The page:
Gov. Rick Scott Wednesday criticized President Barack Obama’s net neutrality proposal will hurt the economy and could cost consumers more than $18 billion a year.
A congressional subcommittee Tuesday delayed a hearing on the Federal Communications Commission’s proposal to regulate Internet traffic rules to assure “net neutrality. The House Energy and Commerce Committee made the announcement on its Twitter account, adding that the issue “will be top priority in the new Congress.”
Scott said a diet of tax cuts and reducing regulations has enabled Florida businesses to create 680,000 private sector jobs in the past four years and that Obama proposal harms job creators.
“The Internet is a powerful tool that promotes innovation and entrepreneurship across all segments of the economy, and must be protected,” said Scott in a prepared statement. “But President Obama’s plan increases taxes on Florida families and places burdensome regulations on the technology industry.”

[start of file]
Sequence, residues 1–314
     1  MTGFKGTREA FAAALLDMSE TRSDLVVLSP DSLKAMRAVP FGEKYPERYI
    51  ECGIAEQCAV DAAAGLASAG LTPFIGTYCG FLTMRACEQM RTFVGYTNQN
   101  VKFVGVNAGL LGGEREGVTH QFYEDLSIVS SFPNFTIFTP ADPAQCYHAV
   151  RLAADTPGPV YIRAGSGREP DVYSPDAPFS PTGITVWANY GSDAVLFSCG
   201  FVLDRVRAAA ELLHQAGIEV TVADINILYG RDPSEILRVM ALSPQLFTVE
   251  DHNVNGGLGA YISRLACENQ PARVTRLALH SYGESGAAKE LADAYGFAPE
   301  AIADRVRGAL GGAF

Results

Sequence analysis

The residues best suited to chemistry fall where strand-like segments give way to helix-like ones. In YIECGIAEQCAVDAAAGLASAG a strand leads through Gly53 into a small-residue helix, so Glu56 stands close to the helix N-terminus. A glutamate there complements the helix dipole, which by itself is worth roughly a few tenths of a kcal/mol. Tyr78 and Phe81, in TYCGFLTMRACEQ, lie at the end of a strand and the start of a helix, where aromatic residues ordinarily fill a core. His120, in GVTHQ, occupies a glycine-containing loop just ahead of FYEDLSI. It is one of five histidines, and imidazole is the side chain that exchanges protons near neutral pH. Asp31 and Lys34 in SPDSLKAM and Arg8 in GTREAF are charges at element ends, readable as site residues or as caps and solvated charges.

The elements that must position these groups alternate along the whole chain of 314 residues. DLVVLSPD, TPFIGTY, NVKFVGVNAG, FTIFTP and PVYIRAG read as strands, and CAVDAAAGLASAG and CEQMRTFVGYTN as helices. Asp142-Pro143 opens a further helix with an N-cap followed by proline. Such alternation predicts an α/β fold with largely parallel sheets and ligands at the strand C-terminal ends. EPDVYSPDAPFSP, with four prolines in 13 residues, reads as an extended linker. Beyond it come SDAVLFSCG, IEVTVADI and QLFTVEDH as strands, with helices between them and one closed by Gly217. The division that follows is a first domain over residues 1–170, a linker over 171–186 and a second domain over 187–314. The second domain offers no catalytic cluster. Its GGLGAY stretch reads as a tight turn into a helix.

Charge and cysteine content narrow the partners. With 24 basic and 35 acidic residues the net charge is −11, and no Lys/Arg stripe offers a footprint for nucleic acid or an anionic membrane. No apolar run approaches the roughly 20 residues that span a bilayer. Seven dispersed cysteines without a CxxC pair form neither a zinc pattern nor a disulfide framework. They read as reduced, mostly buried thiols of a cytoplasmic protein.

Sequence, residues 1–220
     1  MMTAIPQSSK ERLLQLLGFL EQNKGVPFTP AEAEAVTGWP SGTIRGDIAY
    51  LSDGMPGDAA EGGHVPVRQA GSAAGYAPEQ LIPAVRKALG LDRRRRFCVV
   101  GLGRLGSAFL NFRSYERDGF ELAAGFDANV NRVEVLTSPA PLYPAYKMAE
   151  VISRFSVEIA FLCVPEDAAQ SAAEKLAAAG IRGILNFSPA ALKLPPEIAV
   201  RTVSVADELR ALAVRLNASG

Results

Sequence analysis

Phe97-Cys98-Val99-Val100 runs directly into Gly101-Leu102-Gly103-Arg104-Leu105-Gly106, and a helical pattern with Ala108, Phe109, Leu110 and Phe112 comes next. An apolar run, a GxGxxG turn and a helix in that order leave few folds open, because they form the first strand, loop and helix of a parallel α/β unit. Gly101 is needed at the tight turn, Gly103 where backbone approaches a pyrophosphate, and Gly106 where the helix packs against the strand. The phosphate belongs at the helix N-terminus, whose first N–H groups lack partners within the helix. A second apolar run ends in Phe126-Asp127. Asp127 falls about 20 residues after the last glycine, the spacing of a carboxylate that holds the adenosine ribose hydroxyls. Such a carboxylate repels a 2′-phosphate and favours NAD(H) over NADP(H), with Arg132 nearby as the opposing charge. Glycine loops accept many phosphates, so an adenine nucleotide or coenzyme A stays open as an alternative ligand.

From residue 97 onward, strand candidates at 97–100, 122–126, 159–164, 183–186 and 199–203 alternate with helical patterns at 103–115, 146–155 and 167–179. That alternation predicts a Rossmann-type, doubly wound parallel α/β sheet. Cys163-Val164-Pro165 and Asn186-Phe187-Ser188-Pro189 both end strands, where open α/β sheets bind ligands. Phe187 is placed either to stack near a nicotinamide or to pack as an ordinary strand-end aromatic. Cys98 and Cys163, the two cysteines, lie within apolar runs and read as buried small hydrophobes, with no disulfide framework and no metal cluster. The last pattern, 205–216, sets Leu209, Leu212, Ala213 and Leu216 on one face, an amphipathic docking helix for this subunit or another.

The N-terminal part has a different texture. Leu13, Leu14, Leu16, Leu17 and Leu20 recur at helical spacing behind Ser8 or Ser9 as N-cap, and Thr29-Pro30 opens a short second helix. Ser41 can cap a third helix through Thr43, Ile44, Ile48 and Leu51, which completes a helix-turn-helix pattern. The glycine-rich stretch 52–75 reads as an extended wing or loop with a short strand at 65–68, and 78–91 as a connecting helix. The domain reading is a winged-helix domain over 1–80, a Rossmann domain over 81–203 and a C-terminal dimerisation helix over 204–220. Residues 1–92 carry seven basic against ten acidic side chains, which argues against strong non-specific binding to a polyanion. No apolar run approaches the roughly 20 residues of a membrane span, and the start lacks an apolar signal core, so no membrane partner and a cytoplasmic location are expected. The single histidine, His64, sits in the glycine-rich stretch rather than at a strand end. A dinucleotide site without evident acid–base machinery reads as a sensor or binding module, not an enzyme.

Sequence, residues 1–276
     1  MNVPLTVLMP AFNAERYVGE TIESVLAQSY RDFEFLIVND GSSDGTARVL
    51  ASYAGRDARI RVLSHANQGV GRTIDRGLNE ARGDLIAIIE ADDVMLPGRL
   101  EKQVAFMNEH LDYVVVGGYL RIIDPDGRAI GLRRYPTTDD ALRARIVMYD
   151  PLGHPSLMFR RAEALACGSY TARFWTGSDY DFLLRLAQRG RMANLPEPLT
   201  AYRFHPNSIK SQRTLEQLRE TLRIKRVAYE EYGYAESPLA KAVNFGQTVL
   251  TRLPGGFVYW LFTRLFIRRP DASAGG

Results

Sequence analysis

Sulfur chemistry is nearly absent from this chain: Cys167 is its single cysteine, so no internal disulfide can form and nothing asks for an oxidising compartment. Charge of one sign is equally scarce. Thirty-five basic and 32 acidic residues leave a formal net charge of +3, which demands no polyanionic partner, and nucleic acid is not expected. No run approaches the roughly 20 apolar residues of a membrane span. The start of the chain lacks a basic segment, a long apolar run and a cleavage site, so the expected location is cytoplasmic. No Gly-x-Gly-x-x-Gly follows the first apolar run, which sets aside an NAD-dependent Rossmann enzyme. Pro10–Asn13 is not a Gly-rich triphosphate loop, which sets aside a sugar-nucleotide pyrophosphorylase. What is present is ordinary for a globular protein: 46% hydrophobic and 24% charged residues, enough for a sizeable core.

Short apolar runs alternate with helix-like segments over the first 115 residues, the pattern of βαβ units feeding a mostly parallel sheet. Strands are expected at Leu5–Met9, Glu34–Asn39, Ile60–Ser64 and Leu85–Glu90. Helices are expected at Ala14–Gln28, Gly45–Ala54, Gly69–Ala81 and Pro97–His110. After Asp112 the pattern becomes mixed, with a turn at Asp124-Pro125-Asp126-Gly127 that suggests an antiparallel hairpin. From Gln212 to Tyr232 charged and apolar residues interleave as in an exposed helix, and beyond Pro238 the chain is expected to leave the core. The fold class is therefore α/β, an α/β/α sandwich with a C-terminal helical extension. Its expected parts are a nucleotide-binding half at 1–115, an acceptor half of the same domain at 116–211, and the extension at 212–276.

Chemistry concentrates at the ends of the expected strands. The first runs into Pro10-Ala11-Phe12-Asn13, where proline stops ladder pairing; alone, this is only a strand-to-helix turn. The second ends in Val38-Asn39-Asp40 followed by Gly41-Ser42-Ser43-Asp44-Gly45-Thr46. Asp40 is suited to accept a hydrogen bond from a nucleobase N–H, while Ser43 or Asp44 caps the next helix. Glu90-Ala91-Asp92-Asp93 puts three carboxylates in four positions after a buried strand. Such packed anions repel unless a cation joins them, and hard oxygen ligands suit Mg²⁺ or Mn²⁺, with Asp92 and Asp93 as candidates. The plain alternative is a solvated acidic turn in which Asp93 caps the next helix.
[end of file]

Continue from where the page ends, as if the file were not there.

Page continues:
In November, Obama announced support for net neutrality and asked the FCC to “create a new set of rules protecting net neutrality,” and to keep the Internet free and open,” by not enabling phone and cable companies “to act as a gatekeeper, restricting what you can do or see online.”
The FCC is an independent agency. The Communication and Technology subcommittee had been expected to question five FCC commissioners about new rules Dec. 10. FCC chairman Tom Wheeler had said he hoped to have new Internet traffic rules ready by the end of the year.
Supporters of net neutrality want Internet services to be considered more like public utilities. They argue without utility-like regulations Internet service providers would be able to charge users more for access and services and like cable television, ISPs could serve as gatekeepers, blocking content and prioritize Web traffic.
Congressional Republicans, who will take control of the Senate in January, have criticized proposals to tighten Internet regulations.
The FCC is expected to release a draft of net neutrality rules after the first of the year.